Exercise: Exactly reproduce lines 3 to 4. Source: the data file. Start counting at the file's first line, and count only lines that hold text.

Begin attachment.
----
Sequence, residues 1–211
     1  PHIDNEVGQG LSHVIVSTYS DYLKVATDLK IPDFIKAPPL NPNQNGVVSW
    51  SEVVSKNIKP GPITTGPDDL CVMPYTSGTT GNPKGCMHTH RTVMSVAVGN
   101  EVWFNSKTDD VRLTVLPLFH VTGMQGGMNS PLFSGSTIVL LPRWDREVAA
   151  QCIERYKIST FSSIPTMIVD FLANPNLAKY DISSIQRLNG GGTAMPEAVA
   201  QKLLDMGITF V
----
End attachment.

    51  SEVVSKNIKP GPITTGPDDL CVMPYTSGTT GNPKGCMHTH RTVMSVAVGN
   101  EVWFNSKTDD VRLTVLPLFH VTGMQGGMNS PLFSGSTIVL LPRWDREVAA